Protect your hearing
Amid the gigantic machinery at the KMOT Ag Expo last week was a small booth that offered some advice worth listening to.
Nicole Myers, a hearing instrument specialist, was at the Professional Hearing Services booth to talk about hearing and the importance of protecting it.
“We’re here to promote hearing protection. Most often after being exposed to a bunch of noise, the higher frequencies of your hearing are usually what are first damaged by high-frequency noise such as tractors and different types of power tools in the shop,” Myers said. “It’s very important to protect your hearing because usually the first thing that you’ll notice when you do have some high-frequency hearing loss is that you can hear people, but you can’t understand the words.”
Along with tractors and combines, grain augers are a common tool used on farms that can cause hearing damage. In the shop, there are obviously plenty of power tools that can do the same, but Myers said even the common hammer is capable of harming a person’s hearing if it is used repetitively without ear protection.
“Any of those things that are really loud and make you kind of want to flinch, that’s when you should wear hearing protection,” she said. “Another thing, if you have a large yard and you’re on a riding mower or push mower for a long period of time, definitely use it then, as well.”
Just as it’s never too early for someone to start wearing hearing protection, Myers said it’s also never too late. Even if there is some hearing loss, she said it’s important to preserve the hearing that is left, because while it can get even worse, it will never get any better.
“You want to protect as much hearing as you can at whatever point there is,” Myers said.
Myers said they used to attend the Ag Expo a number of years ago, took some time off, and have been attending again the past three or four years. She said they have had a pretty good response from the public since their return to the Ag Expo, even if some people are a little more unwilling than others to hear what Myers has to say.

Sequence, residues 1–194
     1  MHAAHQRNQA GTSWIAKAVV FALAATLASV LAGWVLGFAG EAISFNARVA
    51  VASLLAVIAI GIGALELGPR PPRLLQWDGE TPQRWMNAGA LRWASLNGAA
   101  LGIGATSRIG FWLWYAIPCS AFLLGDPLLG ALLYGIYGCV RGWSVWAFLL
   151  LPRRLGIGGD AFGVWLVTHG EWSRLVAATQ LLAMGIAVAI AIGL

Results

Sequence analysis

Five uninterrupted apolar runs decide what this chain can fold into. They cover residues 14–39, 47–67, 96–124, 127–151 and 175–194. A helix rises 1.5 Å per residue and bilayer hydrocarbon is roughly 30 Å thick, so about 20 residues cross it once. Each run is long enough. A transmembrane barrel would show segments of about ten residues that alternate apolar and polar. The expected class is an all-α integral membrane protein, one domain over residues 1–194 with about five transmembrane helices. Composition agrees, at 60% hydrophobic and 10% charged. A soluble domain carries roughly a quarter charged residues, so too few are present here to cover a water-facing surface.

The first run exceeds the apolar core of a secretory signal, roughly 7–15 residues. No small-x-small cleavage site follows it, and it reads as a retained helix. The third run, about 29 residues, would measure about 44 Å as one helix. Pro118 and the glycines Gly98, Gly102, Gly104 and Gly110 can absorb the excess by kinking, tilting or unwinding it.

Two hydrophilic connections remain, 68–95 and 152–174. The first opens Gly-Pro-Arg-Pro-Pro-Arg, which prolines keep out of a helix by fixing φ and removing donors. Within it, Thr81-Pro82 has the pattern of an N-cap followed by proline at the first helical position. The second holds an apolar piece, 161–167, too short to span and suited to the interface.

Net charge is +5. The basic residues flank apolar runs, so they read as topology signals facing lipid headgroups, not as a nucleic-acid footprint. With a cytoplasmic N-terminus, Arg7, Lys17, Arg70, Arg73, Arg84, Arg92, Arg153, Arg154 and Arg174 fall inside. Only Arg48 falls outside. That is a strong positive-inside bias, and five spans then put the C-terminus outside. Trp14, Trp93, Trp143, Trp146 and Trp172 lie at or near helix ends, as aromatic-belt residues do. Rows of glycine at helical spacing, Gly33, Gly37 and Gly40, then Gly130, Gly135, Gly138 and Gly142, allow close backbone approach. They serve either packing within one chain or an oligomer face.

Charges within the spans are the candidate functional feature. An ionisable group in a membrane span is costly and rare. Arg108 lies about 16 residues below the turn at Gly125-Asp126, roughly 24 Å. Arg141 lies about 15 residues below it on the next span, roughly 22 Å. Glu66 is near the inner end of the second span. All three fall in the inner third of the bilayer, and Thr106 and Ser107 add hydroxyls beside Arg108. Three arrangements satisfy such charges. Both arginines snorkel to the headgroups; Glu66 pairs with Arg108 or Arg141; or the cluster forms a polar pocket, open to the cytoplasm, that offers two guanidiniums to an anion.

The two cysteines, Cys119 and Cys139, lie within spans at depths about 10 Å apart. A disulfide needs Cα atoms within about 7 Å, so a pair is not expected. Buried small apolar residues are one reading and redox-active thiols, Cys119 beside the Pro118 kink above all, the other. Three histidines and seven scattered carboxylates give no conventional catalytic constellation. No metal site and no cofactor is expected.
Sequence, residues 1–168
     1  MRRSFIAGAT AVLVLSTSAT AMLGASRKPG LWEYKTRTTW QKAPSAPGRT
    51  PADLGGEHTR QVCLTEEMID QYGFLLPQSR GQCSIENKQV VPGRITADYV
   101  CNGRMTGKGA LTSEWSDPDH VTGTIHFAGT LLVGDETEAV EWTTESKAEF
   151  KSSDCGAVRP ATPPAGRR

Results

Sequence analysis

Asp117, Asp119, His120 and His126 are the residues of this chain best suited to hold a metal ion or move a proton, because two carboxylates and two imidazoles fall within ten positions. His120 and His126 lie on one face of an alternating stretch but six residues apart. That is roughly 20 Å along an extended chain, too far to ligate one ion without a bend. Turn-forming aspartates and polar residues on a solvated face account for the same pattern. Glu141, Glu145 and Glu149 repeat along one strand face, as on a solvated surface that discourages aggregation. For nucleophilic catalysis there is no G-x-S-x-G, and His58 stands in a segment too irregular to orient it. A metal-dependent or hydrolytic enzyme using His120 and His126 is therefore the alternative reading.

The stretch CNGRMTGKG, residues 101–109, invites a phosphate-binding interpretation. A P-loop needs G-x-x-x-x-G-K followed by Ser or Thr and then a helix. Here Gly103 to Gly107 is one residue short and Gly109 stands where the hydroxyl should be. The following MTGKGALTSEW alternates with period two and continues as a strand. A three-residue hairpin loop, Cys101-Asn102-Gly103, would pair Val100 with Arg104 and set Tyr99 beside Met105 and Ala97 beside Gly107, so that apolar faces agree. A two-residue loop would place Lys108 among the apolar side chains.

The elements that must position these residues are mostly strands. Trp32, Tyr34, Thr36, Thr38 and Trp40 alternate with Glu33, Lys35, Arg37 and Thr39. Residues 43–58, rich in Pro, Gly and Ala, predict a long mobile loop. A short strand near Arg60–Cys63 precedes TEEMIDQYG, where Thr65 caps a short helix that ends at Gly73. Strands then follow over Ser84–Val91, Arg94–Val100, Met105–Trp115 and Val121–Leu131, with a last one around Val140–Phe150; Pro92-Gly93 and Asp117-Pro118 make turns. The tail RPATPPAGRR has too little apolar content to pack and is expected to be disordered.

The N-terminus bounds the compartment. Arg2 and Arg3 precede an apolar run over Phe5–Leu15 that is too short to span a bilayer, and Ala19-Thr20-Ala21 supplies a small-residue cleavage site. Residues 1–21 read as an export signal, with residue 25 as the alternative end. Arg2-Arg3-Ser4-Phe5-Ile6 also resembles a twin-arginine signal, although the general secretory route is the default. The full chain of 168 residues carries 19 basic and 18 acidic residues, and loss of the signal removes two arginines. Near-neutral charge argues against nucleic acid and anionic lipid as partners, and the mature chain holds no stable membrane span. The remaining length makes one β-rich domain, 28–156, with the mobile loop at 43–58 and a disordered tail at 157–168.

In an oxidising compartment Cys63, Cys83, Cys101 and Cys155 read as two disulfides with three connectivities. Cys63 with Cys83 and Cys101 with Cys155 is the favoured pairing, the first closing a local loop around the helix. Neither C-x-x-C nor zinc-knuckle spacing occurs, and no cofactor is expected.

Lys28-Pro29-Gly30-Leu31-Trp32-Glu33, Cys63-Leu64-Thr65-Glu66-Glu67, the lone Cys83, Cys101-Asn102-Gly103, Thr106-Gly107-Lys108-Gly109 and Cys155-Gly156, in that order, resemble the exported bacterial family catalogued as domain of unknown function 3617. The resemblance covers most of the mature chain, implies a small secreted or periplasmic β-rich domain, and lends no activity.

“More wives are stopping and dragging their husbands over than anything, but they’re at least trying to get the information,” Myers said.
One of the most common questions Myers gets is what product offers the best hearing protection. The answer depends on the environment the plugs will be used in and what type of performance the wearer needs.
“There are many different types. There are the foam earplugs that you just kind of roll up and insert into your ears. There are earmuffs that go over your head, the big muffs. And those are good, but they just need to be inserted properly,” Myers said. “Also custom earplugs are available. They are made from an impression that is casted of your ear. So we know that when those are put in, those are going to work the best because they are fit for your ear and they will block the sound out.”
For more information about ear protection go online to (heardakota.com) or call Professional Hearing Services at 852-6565 or 1-800-735-5866. The Minot office is located at 1400-37th Ave. SW.
The solid ear plugs are obviously the best at blocking out all noise in the environment, but Myers said there are better options for people who still need to hear on occasion, like when they are speaking with a coworker.
“You can get them where they have a filter in them, so that you can hear speech. It will be a little softer than normal, but you can still hear it,” she said. “And then when a loud sound such as a hammer or if you’re working around the auger, when those loud sounds come into play, the loud sounds will be dampened so that they don’t damage your hearing.”
She said earplugs with filters are also good options for hunters or sports shooters who want to speak with each other without having to take the plugs out.
Myers noted the filters are built right into the earplug itself and do not require batteries, which makes them just as convenient to use as regular earplugs.
“In a custom earplug it’s built into there, there’s nothing you do with it,” Myers said. “You just use the earplugs as you normally would – put them in, take them out, that sort of thing.”
Myers said they weren’t at Ag Expo to sell products, and only had some earplugs on hand for display purposes. She said their goal was to inform as many people as possible about the importance of protecting their hearing, no matter what age they were or how much hearing they had already lost.
“(We’ve) been answering some questions today and giving out some information, trying to be here to just inform people about the importance of protecting your hearing,” Myers said.